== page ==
In mid-October of 2014, we headed down over and through the Santa Cruz Mountains from San Jose, and found ourselves at Monterey in the early morning. Our plans were to visit the Monterey Bay Aquarium and then proceed on to Big Sur later in the afternoon.
The Monterey Bay Aquarium is an old converted cannery that sits on the cliff overlooking the Monterey Bay. The aquarium was quite fantastic to say the least. I’ve been to quite a few large, world-class aquariums in my life (The Georgia State Aquarium, Texas State Aquarium, Sea World) and I have to say that Monterey Bay stands right beside the giants in excellence. Part of what MBA offers that stands out from other aquariums is that it specializes in the regional life; they show you what is literally just a stone’s throw away out the door.
The staff were quite knowledgable and engaging, and really got the animals and audience excited during feeding times and times between.
One of the center pieces is the Open Ocean exhibit which is a huge tank filled with thousands of fish such as sardine, mackerel, and the elusive sun fish. It really was quite surprising to see just how huge blue fin tuna really are (1000+ lbs, and 5-6 feet long!), and to see how the feeding process works among so many different fish.
Another exhibit was the towering kelp forest. Here you could see the giant kelp stretching over 50 feet high, swaying in the currents and the various fish that called them home. The otters were also a flamboyant bunch to watch.Unfortunately we cannot provide many photos of the underwater areas because it is dark in many parts of the aquarium and they prefer that you do not use flash.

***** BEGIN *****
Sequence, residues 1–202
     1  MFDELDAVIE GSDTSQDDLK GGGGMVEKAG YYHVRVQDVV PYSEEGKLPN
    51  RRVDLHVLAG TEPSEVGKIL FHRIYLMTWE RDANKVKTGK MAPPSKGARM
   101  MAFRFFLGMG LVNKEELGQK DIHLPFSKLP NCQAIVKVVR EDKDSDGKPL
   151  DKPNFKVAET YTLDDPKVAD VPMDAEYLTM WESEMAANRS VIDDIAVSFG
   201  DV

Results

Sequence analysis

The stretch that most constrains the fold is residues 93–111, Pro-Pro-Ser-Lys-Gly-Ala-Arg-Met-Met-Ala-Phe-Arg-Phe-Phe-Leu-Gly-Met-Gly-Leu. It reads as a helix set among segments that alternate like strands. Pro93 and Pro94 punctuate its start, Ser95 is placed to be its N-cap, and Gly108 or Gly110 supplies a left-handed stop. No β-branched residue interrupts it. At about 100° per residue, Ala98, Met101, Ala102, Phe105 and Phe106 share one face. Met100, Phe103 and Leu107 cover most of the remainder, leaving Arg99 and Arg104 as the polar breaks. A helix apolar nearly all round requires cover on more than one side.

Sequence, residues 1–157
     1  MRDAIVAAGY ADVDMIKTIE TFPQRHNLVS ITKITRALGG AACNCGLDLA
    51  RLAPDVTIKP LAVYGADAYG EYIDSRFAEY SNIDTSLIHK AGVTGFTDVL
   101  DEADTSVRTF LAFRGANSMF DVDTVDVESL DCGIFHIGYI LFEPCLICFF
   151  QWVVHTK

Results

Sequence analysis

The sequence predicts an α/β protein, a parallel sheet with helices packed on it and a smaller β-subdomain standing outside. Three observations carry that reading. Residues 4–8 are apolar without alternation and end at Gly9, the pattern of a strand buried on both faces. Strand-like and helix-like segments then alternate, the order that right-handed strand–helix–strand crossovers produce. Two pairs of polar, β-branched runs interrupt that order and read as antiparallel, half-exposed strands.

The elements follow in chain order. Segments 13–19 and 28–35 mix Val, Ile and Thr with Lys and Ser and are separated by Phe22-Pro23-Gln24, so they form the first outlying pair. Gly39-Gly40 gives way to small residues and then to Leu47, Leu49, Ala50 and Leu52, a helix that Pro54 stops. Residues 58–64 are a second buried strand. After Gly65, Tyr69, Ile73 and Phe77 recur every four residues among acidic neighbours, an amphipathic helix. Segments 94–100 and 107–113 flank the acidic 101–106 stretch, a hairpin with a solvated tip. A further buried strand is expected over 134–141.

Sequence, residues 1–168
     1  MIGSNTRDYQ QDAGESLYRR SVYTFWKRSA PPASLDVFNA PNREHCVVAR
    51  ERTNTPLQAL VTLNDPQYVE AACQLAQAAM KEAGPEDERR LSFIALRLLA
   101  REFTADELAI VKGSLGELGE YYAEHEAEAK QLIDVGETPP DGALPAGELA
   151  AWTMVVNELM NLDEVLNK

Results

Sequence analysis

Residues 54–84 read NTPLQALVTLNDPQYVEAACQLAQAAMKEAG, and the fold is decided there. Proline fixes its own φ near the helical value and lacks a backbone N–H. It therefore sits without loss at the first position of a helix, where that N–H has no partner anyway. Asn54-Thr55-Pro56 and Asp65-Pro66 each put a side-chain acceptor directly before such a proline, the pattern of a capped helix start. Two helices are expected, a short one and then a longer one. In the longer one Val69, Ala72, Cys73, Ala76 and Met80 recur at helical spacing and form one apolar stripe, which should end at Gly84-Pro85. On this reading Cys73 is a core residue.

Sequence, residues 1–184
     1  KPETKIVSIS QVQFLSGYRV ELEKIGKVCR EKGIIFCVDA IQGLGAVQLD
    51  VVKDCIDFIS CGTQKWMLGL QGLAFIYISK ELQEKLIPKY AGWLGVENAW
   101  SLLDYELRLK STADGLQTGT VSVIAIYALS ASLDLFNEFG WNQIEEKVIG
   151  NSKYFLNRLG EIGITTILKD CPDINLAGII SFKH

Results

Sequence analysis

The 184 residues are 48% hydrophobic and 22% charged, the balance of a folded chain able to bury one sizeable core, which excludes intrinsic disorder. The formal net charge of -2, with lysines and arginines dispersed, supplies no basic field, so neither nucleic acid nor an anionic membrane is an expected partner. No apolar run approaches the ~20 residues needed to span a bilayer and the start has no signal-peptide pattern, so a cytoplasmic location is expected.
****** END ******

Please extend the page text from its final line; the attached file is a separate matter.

All in all, the aquarium had many different exhibits to explore such as the jellyfish exhibit, the tidal zones, puffin exhibit, the giant pacific octopus, and some of the standards you can’t miss such as the small corals and seahorses.
From the outside, the MBA looks like it might be a rather small half-day event, but once you get in, you realize that it really is quite expansive. Luckily, they are quite accommodating and allow re-entry on the same day; this was great because it let us walk down the road a bit and find a local pizza joint that offered some great, unique personal pizzas.
With over half the day exhausted, we decided to proceed on down south about an hour to see Big Sur.The drive down was quite scenic along the Pacific Coast highway and we got some truly amazing views of the coast and some iconic landmarks such as the Bixby Bridge. We had a little difficulty figuring out how to get to the beach once we were in Big Sur, but eventually located the service road down to Pffeifer Beach. It was about a half mile walk from the parking lot, through a manzanita grove, until we emerged on Pffeifer Beach.
We had about an hour to go before the sun truly set, so we spent our time admiring the rocks and ocean, as well as a particularly photogenic sea gull that stood for around a dozen photographers for what seemed to be nearly 20 minutes.
When the sun sank, I saw what many sailors call the Green Flash. Quite literally, the sky flashed green just as the sun dipped below the horizon. We then headed back to the car to drive back home. The temperature dropped incredibly quickly, which really shouldn’t be that surprising considering how cold the Pacific is.
The drive home was pretty long, around 3 hours back through the winding coast roads and mountain roads. But we both agreed it was a pretty successful day.